A container that stores encoded commands for the GPU to execute.
- iOS 8.0+
- macOS 10.11+
- tvOS 9.0+
Don't implement this protocol yourself; instead, create command buffer objects by calling a
make method.. The command buffer can only be committed for execution on the command queue that created it. All command buffers sent to a single command queue are guaranteed to execute in the order in which the command buffers were enqueued.
After creating a command buffer, you create encoder objects to fill the buffer with commands. The
MTLCommand protocol has methods to create specific types of command encoders:
MTLParallel. At any given time, only a single encoder may be active for a particular command buffer. You create an encoder, use it to add commands to the buffer, and then end the encoding process. After you finish with an encoder, you can create another encoder and continue to add commands to the same buffer. When you are ready to execute the set of encoded commands, call the command buffer’s
commit() method to schedule the buffer for execution.
After a command buffer has been committed for execution, the only valid operations on the command buffer are to wait for it to be scheduled or completed (using synchronous calls or handler blocks) and to check the status of the command buffer execution. When used, scheduled and completed handlers are blocks that are invoked in execution order. These handlers should perform quickly; if expensive or blocking work needs to be scheduled, defer that work to another thread.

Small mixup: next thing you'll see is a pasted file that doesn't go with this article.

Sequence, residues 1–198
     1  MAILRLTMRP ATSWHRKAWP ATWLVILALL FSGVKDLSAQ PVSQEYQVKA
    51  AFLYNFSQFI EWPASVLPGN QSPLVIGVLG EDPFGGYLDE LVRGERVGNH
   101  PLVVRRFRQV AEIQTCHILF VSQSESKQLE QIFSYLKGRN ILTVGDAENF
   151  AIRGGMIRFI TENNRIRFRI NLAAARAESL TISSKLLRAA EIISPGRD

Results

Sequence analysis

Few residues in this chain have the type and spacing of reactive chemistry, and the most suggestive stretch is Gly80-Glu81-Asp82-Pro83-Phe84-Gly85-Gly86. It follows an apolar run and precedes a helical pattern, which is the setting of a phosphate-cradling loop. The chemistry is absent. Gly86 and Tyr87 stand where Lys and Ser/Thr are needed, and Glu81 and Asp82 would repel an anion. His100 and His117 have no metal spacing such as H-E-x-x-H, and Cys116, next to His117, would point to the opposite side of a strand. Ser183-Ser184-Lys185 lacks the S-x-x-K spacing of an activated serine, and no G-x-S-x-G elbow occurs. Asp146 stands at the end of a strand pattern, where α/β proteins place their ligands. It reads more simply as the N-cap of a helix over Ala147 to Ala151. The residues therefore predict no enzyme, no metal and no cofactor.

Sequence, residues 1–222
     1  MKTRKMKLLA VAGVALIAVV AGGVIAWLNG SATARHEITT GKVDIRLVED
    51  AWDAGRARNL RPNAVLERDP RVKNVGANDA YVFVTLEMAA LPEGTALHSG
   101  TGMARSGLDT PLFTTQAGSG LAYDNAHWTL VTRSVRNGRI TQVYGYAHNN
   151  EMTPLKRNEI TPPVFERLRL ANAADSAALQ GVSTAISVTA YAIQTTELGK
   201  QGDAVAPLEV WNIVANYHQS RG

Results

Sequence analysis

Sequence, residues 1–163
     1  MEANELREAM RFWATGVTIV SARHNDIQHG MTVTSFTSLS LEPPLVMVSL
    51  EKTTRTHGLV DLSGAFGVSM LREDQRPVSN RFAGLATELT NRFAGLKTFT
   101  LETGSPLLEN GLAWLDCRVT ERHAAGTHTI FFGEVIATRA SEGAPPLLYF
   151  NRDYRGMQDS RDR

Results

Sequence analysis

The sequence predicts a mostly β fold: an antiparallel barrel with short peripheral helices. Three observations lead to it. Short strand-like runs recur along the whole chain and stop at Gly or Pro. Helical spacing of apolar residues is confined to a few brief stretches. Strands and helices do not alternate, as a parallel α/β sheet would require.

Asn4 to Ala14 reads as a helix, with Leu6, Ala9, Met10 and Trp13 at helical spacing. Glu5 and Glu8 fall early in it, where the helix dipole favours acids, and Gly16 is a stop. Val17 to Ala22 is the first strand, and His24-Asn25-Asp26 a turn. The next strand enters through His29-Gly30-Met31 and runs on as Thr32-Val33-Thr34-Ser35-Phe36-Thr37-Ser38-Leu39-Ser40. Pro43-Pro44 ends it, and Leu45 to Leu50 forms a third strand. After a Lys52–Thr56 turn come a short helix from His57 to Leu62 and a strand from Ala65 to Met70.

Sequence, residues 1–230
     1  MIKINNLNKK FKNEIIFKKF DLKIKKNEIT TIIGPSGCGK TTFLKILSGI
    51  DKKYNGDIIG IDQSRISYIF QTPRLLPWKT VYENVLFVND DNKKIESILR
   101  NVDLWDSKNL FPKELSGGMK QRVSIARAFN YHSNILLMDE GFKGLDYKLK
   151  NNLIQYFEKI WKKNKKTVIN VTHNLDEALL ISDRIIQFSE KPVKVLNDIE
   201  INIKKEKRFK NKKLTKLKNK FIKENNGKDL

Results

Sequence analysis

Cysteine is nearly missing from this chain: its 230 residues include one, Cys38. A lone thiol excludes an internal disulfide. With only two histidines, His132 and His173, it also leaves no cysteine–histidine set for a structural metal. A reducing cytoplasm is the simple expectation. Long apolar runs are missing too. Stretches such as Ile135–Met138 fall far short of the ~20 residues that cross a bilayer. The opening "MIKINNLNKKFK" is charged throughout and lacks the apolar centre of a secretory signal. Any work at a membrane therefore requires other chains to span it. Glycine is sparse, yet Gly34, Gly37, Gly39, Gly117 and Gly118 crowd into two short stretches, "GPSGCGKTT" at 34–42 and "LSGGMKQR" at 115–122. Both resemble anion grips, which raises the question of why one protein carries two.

In a multithreaded app, it’s advisable to break your overall task into subtasks that can be encoded separately. Create a command buffer for each chunk of work, then call the
enqueue() method on these command buffer objects to establish the order of execution. Fill each buffer object (using multiple threads) and commit them. The command queue automatically schedules and executes these command buffers as they become available.